Membrane DMDs normally consist of CMOS addressing circuitry in a substrate, with electrodes lying underneath the membrane. The membrane can be suspended over the electrodes, apart from them, in a variety of ways. One method is to place an elastomer under the membrane, on top of the electrodes. Another is to lay down a spacer layer, deposit the membrane on top of the spacer, etching holes into the membrane and etching the spacer out from under the membrane through these holes. The monolithic manufacturing process as described above results in a unitary, multi-layered device.

As the image comes in contact with the membrane, the membrane is scanned. This can be accomplished by addressing a line of electrodes, or one long linear electrode, under the membrane. The line of the image falling on this long, deflected area or row of deflected areas is then reflected off of the membrane at an angle, which will cause that part of the image to miss the stop mirror and pass through the lens element 28, through lens 30, and impinge upon the detector 32.

One example of this would be the light rays at point 20 on the DMD. The light travels along path 24, which has substantial light that goes around the stop mirror 14. Lens 28 focuses the light on the detector. Lens 30 is an anamorphic lens that does not have any power in this direction. As will be seen later, lens 30 compresses a rectangular or square image into a line image. Detector 32 could be adapted for whatever application the designer desires. In an infrared system, this would be an infrared detector that translates the radiation into a visual image. In a photocopier this could be the input to the print engine optics 33, which will eventually configure the image on a photoreceptive drum. An additional difference is in the illumination of the image source. In an infrared system, the image source is self-radiating. In a photocopier the image source must be illuminated by a light. A similar path is shown for a deflection at point 22. In that case the light travels along path 26 to the lenses 28 and 30, and the detector 32.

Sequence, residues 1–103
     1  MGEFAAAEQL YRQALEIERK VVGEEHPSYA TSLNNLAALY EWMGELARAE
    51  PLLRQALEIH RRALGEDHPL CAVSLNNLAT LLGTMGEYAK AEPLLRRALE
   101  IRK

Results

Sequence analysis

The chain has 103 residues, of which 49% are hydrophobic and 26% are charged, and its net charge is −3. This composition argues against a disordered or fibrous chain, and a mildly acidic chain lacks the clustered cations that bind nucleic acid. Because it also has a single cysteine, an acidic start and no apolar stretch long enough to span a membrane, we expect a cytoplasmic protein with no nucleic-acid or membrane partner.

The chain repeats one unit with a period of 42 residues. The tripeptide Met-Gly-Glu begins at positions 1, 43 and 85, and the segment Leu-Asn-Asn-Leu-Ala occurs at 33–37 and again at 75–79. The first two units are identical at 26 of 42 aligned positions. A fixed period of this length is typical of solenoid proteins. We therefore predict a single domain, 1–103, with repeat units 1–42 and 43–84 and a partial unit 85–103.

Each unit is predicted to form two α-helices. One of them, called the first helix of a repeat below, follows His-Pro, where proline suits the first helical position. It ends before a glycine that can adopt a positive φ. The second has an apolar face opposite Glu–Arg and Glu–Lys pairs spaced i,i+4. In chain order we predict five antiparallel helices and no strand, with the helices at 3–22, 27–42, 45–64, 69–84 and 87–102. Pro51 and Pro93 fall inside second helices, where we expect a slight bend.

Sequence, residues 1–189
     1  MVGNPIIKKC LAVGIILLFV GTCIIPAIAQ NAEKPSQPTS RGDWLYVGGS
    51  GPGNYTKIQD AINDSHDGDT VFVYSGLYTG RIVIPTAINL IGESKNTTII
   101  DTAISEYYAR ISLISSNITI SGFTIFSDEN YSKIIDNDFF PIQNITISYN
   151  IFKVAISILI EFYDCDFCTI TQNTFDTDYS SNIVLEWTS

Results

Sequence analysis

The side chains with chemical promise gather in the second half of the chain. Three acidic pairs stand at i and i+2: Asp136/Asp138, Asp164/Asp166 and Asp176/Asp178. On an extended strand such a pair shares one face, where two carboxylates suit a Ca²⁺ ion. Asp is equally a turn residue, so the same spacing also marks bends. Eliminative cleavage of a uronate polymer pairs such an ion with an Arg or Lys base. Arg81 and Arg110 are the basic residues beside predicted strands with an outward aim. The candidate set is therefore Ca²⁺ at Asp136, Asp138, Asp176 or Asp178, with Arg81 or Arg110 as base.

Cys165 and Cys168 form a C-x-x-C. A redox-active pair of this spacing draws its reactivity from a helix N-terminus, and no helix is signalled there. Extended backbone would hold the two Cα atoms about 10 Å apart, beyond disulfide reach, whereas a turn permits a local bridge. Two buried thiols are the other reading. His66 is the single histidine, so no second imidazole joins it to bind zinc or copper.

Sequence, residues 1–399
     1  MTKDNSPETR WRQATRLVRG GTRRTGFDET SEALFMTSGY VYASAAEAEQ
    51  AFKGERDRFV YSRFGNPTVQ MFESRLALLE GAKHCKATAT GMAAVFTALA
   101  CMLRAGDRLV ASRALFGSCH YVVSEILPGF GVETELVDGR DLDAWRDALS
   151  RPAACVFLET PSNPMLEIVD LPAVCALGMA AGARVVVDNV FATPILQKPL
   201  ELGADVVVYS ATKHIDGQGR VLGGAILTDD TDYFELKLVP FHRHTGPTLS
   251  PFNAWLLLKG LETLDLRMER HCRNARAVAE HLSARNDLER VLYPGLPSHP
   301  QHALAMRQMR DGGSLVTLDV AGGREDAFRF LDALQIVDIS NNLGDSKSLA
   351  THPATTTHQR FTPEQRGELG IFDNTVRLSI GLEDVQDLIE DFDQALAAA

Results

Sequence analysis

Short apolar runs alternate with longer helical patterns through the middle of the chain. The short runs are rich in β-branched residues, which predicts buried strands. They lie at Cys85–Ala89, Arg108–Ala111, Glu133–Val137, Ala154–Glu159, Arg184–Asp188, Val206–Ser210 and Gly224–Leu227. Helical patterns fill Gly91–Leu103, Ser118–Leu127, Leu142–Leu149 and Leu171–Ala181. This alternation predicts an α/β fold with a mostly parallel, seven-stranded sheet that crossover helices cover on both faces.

FIG. 2 shows the side view of the optical system, on the side away from the image source. Lens 12 is shown from its back view, which is a circle, where the front of the lens is facing the image source. Mirror 14 is shown as a circle, since it is an oval mirror that is deflected off at an angle from the straight line. Lens 16 is a circular lens, so it has the same view from any side. Spatial light modulator 18 is configured as an area array, which is approximately a square. The lens element 30, which is a cylindrical lens, appears to be a circular lens from this aspect. As can be seen by the path of the light through lens 30, lens 30 compresses the vertical image into a line before it impinges upon detector 32.

The membrane must have some means to force it to deflect in rows sequentially travelling down the membrane. One option for this is shown in FIG. 3A. Spatial light modulator 18 is shown before the membrane is added. Shift register 36 receives data along line 35. The simplest way to accomplish the addressing is to place all zeros in the shift register. When scanning is to start, a one is shifted into the topmost shift register cell. This will cause the electrode 34A to be activated, which in turn will cause the membrane to deflect across its width at that point. The next shift will put a zero back into the shift register cell corresponding to the electrode 34A, and the one will be shifted to the cell corresponding to electrode 34B. This is continued until the whole image is scanned.

If the addressing circuitry is desired to be off-chip, the electrodes could be configured as in FIG. 3B. The addressing structure could then be handled externally. The reference to off-chip is meant strictly as relating to the membrane. It is possible that the membrane would not take up the whole chip, and the addressing circuitry could be off to one side or the other.

As discussed previously, the shape of the mirror for the long, linear, deflected area on a membrane DMD might be rectangular. In FIG. 3C a different embodiment may be to have an array of individual membranes on top of the electrodes. Electrode 34A is shown as the long, dashed-line rectangle. Above that, defined by the solid lines, are pixels 38A, 38B, etc. The way to manufacture the large membrane DMDs is to etch holes in the membrane such that a plasma etch will remove all but the edge of the elastomer, leaving a membrane supported at the edges. To manufacture this array of small membranes, the holes are left such that the membrane is supported by elastomer in a grid which will define the small membranes. In this case, the light would be reflected side to side, as well as up and down, so the mirror 14 from FIG. 2, would probably be round.

This type of scanning optical system is low in power and more compact. With the elimination of the mechanical moving parts, it will also prove to be more reliable. If used in photocopiers, the input optical system could be configured to eliminate the scanning light bar, since the scanning is done by the membrane. The whole sheet of paper can be illuminated by a fixed light source, eliminating more moving, power-hungry parts.

Thus, although there has been described to this point a particular embodiment for a scanning optical system, it is not intended that such specific references be considered as limitations upon the scope of this invention except in-so-far as set forth in the following claims.